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Re: Please assist with details regarding uninstalling

Dan M wrote:

> A.  How do I tell what services I have installed?  (Basically I
> originally loaded everything, but then I uninstalled/re-installed
> picking just the default, so I believe I have the default).

Services are never automatically installed, only by action of the user
-- for example by running a script such as /usr/bin/cron-config.  So, if
you did not manually do this you probably do not have any services to

Nevertheless, the command "cygrunsrv -L" should give you a list of all
installed Cygwin services.  (Note that this -L functionality of
cygrunsrv did not exist at the time that the above FAQ entry was
written, otherwise it would have been mentioned there.)  If cygrunsrv -L
does not list anything, then you probably have nothing to stop or

Run "cygrunsrv --help" or "man cygrunsrv" for more information on using
the command.

> B.  How do I tell what services are currently running?  (I am running
> Windows XP Home.  Can the program manager tell me this?  If so, what
> specific names do I need to look for in the program manager?)

Use "cygrunsrv -Q name" to query the state of the service named "name". 
So for example if you installed the cron service, then running
"cygrunsrv -Q cron" might include a line that says "Current State:

You can also determine this by looking at the list of services in the
Windows control panel, but they will be hard to pick out of the long
list without some prior knowledge.

> B.  Please confirm:  "Remove all cygwin services" is the same as
> "uninstalling ...[each]... service from the registry".

Yes.  Although the details of how the service is removed is not
relevant, because cygrunsrv -R handles everything.  Perhaps the FAQ
should not mention the registry at all.

> C.  Are these commands simply typed into the command prompt screen?
> When I bring up the command prompt, a path comes up after the C drive
> name.  I get:
> C:\Documents and Settings\Dan>
> Do I need to change this at all or just type the commands after the ">"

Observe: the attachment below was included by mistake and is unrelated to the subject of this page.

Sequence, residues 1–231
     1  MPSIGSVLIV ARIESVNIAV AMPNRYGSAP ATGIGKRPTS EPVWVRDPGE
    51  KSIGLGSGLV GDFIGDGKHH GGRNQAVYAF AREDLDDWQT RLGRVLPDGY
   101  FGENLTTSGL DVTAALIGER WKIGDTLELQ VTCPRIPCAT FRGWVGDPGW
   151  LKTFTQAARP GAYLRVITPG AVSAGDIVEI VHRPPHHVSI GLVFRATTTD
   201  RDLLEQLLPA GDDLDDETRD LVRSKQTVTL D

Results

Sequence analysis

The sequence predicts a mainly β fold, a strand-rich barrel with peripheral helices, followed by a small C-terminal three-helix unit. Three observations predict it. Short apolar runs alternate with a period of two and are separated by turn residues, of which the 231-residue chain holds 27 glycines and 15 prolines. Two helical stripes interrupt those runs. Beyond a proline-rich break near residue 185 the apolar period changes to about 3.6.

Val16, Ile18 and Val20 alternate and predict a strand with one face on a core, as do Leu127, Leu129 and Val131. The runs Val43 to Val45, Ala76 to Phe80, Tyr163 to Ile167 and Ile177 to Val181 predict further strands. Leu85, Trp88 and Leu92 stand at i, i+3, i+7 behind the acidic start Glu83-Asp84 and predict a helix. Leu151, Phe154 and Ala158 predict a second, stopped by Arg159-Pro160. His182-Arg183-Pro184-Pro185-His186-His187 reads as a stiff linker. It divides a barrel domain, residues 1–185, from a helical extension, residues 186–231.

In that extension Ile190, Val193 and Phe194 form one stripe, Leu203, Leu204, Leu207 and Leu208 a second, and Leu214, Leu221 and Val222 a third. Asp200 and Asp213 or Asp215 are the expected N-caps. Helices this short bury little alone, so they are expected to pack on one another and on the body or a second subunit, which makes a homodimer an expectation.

> symbol?

You should probably type these from the Cygwin bash prompt/shell, not a
regular Windows command prompt, unless you have the cygwin directory
added to the Windows path.

> A.  How do I tell if any cygwin programs are running in the background?

Normally you would know this because you launched them in the background
yourself, e.g. by using "&" when starting them.  You can use the "ps"
command to list running processes, e.g. "ps aux".  Again, see the --help
output or manpage for more details.

> B.  After I have the answer to my question A, how do I terminate them
> (i.e., the Cygwin programs that are running in the background)?

There are a number of ways, but again the specifics depend on the
details of the programs and how they were launched.

For example if you launched a program with "&" then it will show up in
the output of "jobs" and you can use the %-sign notation to kill it,
e.g. "kill %1".  Or you can just kill them by PID.  And if you try to
exit from a login shell with background processes, the shell will warn

That you are asking about this at all implies that none of this matters
in your case, because people that launch background processes tend to
know how to terminate them as well.  Most of this verbiage in the
uninstall procedure is there to account for possible things that a user
might have installed or might have running.  But if you haven't done any
of these things then it's a no-op.

> C.  How do I tell if any cygwin processes remain after entering the
> umount command?

What the FAQ entry is trying to express is that you should kill all
cygwin processes except for a single bash shell, then run umount from
that shell, then close the shell (by typing ^D or "exit").  It wouldn't
have made much sense if it said "kill all cygwin processes" and then
"run this umount command from a shell" because running the shell itself
is a cygwin process.  


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